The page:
(1. Bharti School of Engineering，Laurentian University，Sudbury P3E 2C6，Canada；2. Beijing Research Institute of Uranium Geology，Beijing 100029，China；3. Centre for Excellence in Mining Innovation，Sudbury P3E 2C6，Canada)
Abstract：It is widely accepted that the field or in-situ strength of massive rocks is approximately (0.4?0.1)?c，where ?c is the uniaxial compressive strength obtained from unconfined laboratory tests. In addition，it has been suggested that the in-situ rock spalling strength，i.e. the strength of the wall of an excavation when spalling initiates，can be set to the crack initiation stress determined from laboratory test or field microseismic monitoring. These findings were based on either Kirsch?s solution or simplified numerical stress modeling(with smooth tunnel wall boundary) to approximate the maximum tangential stress ?max at the excavation boundary. In this article，it is suggested that these approaches ignore one of the most important factors，the irregularity of the excavation boundary. It is demonstrated that the“actual”in-situ spalling strength of massive rocks is not equal to (0.4?0.1)?c，but can be as high as (0.8?0.05)?c when surface irregularities are considered. It is demonstrated using the Mine-by tunnel notch breakout example that when the realistic“as-built”excavation boundary condition is honored，the “actual”in-situ rock mass strength，given by 0.8 ?c，can be applied to simulate progressive brittle rock failure process satisfactorily. We conclude that the interpreted，reduced in-situ rock mass strength of (0.4?0.1)?c without considering geometry irregularity is therefore only an“apparent”rock mass strength.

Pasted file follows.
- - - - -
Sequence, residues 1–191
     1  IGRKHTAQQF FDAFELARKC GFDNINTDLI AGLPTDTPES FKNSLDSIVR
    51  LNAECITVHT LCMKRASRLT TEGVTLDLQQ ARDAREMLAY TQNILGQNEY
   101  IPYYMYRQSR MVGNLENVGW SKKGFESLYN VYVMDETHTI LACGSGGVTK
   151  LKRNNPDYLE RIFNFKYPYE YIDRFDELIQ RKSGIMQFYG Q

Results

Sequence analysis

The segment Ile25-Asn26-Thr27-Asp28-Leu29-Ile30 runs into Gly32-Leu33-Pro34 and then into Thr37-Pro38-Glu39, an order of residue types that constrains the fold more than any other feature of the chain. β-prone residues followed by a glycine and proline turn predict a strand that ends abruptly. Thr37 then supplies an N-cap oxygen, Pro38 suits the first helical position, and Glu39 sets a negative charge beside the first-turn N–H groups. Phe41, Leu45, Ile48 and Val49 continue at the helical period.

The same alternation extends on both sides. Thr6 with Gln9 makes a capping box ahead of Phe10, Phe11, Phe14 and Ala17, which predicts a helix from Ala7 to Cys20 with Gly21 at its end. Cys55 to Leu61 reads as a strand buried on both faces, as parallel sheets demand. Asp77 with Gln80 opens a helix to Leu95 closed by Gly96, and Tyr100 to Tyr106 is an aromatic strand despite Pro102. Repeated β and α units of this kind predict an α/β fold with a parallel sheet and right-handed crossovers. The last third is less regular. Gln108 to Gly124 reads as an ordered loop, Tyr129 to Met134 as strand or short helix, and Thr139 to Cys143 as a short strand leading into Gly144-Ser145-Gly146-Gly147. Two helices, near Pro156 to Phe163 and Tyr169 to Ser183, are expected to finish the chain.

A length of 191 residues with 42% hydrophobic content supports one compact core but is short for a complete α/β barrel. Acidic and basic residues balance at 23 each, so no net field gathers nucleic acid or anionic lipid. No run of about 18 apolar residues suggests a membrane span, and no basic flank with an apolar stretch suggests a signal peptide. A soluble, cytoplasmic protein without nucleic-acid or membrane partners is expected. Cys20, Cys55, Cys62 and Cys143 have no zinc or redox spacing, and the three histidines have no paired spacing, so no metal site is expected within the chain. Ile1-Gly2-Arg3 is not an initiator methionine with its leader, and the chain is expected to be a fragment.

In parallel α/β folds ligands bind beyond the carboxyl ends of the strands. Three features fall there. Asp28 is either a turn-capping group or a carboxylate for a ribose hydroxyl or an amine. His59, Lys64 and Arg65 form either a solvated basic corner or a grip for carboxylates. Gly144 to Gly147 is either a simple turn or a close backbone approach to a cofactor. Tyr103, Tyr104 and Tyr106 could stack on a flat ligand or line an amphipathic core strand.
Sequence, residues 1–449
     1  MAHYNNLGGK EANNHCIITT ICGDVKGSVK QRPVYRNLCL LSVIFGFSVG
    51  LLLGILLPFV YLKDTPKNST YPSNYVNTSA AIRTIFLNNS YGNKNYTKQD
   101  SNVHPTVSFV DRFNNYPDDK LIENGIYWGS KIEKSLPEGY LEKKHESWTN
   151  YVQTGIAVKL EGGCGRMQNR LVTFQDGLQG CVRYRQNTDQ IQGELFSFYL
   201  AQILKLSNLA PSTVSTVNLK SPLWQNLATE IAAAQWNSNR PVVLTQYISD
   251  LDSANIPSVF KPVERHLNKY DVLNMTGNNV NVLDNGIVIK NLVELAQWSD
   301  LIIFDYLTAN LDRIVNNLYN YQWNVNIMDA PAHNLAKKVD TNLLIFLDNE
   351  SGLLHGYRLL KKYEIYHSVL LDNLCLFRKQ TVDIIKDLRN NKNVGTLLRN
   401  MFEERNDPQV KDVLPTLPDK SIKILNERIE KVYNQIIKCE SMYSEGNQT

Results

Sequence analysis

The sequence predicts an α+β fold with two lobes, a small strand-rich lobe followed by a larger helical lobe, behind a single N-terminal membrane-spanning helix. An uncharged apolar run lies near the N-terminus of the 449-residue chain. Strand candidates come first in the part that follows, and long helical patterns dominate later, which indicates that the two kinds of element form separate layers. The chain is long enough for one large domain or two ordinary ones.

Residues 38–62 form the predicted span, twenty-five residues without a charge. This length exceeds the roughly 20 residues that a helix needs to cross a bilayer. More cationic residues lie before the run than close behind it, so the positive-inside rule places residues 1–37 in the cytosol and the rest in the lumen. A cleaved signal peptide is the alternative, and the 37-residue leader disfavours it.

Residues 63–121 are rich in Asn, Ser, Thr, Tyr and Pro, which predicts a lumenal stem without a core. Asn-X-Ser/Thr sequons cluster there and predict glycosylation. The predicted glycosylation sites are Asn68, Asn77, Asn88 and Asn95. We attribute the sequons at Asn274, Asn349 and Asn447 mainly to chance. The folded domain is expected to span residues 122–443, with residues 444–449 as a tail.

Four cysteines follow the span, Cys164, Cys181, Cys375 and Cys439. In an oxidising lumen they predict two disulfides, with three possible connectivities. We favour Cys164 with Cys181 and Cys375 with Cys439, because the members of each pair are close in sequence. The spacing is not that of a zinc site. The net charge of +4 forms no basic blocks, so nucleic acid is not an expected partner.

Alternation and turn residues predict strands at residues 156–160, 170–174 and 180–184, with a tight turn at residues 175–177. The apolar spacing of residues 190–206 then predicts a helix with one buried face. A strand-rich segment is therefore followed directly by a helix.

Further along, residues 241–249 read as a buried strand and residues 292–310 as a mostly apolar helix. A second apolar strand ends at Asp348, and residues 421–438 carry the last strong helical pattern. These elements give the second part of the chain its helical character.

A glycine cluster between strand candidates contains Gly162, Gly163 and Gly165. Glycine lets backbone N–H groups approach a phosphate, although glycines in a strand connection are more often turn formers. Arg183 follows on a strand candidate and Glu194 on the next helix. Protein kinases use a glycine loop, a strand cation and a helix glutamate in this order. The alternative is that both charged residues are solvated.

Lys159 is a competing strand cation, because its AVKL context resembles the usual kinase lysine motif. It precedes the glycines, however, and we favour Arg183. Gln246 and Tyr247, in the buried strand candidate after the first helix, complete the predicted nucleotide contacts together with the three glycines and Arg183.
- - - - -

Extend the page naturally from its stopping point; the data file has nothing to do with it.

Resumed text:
READ R S，CHANDLER N A，DZIK E J. In-situ strength criteria for tunnel design in highly-stressed rock masses[J]. International Journal of Rock Mechanics and Mining Sciences，1998，35(3)：261-278.
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